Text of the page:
Nashua hospital honored for its ‘magnetism’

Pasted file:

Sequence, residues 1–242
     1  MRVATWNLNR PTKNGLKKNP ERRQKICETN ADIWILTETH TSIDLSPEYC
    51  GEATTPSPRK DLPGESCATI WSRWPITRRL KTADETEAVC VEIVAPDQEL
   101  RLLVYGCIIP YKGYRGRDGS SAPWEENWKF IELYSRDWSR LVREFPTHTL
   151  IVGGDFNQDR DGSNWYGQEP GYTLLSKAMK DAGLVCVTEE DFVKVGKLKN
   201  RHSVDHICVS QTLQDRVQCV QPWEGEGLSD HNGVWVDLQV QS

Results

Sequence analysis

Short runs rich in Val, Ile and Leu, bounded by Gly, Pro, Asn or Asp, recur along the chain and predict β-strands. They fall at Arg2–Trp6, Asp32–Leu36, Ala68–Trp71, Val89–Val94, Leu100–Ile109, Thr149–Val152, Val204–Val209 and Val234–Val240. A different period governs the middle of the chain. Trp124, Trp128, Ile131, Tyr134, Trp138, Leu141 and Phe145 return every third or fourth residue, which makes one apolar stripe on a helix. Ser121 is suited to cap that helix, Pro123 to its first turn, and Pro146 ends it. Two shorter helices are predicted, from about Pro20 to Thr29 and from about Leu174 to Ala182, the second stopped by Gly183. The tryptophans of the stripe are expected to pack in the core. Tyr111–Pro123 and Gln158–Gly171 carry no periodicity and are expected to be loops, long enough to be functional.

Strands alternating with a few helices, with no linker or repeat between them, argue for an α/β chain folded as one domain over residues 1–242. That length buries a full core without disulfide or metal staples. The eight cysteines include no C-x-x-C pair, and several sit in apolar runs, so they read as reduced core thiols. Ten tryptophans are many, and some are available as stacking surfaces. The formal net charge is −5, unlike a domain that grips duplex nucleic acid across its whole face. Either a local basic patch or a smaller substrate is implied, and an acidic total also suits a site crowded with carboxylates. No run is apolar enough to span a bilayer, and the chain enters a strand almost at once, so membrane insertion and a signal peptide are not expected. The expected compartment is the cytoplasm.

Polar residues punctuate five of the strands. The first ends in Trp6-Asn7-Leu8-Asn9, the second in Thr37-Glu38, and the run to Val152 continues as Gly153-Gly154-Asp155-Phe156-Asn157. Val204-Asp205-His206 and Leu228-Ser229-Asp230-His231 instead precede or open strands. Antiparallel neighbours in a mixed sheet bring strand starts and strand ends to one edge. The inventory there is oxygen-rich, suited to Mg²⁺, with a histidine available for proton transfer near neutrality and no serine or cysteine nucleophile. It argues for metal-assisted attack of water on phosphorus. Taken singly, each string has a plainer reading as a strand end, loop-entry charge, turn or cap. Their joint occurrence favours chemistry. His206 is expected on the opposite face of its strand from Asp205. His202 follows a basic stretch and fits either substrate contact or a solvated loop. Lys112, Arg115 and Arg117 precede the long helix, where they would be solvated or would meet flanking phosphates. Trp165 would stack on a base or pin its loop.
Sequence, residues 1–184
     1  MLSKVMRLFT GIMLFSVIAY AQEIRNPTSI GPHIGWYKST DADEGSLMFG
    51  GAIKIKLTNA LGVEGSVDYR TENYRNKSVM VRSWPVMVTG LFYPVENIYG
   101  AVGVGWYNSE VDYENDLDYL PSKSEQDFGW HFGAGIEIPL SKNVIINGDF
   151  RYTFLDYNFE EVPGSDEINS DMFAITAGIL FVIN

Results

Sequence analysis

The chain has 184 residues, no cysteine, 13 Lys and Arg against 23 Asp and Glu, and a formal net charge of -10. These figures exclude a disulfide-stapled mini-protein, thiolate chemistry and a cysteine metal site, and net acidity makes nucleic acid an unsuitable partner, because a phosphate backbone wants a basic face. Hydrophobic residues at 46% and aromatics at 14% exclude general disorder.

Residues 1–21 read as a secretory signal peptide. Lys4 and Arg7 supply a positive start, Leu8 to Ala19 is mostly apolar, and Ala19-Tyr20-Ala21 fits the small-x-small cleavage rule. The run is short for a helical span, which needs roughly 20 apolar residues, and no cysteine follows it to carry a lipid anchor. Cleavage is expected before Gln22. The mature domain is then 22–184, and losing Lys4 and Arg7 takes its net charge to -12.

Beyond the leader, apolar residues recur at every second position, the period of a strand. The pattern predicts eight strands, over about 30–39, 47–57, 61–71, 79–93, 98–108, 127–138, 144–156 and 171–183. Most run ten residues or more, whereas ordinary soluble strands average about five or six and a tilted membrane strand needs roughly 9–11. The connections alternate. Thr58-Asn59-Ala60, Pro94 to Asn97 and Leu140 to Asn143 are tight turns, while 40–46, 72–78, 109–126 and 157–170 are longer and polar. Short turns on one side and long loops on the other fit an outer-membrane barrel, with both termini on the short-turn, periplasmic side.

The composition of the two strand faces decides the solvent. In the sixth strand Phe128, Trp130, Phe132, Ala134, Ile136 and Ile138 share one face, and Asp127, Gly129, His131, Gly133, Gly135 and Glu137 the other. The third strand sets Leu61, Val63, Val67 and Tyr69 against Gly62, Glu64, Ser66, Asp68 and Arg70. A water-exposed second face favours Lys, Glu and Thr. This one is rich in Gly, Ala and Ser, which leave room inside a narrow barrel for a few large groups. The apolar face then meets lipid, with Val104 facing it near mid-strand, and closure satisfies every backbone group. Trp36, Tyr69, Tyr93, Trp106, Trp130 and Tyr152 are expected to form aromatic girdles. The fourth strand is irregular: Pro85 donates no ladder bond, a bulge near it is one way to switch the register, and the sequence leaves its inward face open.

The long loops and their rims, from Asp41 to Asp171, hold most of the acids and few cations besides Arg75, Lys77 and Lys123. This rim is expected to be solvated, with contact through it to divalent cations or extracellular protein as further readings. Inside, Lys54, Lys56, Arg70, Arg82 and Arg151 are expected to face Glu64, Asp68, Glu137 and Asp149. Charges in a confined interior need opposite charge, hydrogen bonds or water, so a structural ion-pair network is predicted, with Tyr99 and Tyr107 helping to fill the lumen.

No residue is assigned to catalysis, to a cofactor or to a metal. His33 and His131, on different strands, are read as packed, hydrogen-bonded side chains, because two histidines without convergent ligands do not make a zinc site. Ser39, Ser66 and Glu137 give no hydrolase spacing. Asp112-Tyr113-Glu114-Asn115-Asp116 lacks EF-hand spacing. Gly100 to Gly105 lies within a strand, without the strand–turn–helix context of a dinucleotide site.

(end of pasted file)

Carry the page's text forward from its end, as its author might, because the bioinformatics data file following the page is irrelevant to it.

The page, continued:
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The Magnet Recognition nursing award — a national seal of approval designating nursing excellence - has been awarded to St. Joseph Hospital by the American Nurses Credentialing Center, a part of the American Nurses Association. The Nashua hospital is the first community hospital — and the second overall — to earn the recognition. Dartmouth Hitchcock Medical Center in Lebanon also has been recognized. Some 145 hospitals nationwide currently have the designation. The name of the award, Magnet Recognition, refers to the recipient’s ability to attract and retain quality professional nurses — drawing them with the power of a magnet. Recipients are judged on a number of standards and characteristics considered the gold standard in nursing care. The award is the culmination of a three-year process that involved input from hundreds of nurses at St. Joseph and a three-day visit in January by a survey committee to assess nursing quality. Pam Duchene, vice president for patient care services at St. Joseph and a registered nurse, said the award reflects positively on the hospital’s nursing staff during a time of nurse shortages, concerns about patient safety and medical errors in hospitals. Duchene said the hospital demonstrated “standards and characteristics (including) cultural diversity and quality of care for best patient outcomes.” She said the turnover rate for nurses at the hospital stands at 6 percent, the vacancy rate is 2 percent, and the hospital employs 306 nurses, most on a part-time basis. It does not use nurses from outside agencies. Duchene said the credential is a draw for nurses and physicians looking for employment. But it also assures patients that they will receive excellent care. “It’s important recognition because it says they’re being proactive in solving issues in the hospital and have high standards of nursing practice,” said Karen Baranowski, president and CEO of Home Health and Hospice Care in Nashua and former chair of the department of nursing and health sciences at Rivier College. “It speaks a lot about the quality of nurses and the care that they give to patients,” said Andrea Alley, spokeswoman for the New Hampshire Hospital Association. “In the context of nurse shortages, patient safety and quality issues, it certainly indicates that St. Joe’s has risen above the challenges that might face any hospital. It’s a huge honor.” Nashua’s other hospital, Southern New Hampshire Medical Center, recently filed a formal Magnet Recognition application after more than a year of preparation. “It’s a positive thing, and we look forward to achieving our designation in the future,” said Colette Tilton, an advanced registered nurse practitioner who serves as vice president of patient care services at the medical center. “It takes a lot of work to achieve the designation, which is why some hospitals haven’t gone after it.” “It enhances the nurse profession and ultimately patient care,” Tilton said. “It’s certainly the journey we’re all about — enhancing the quality of care and patient services.”

 

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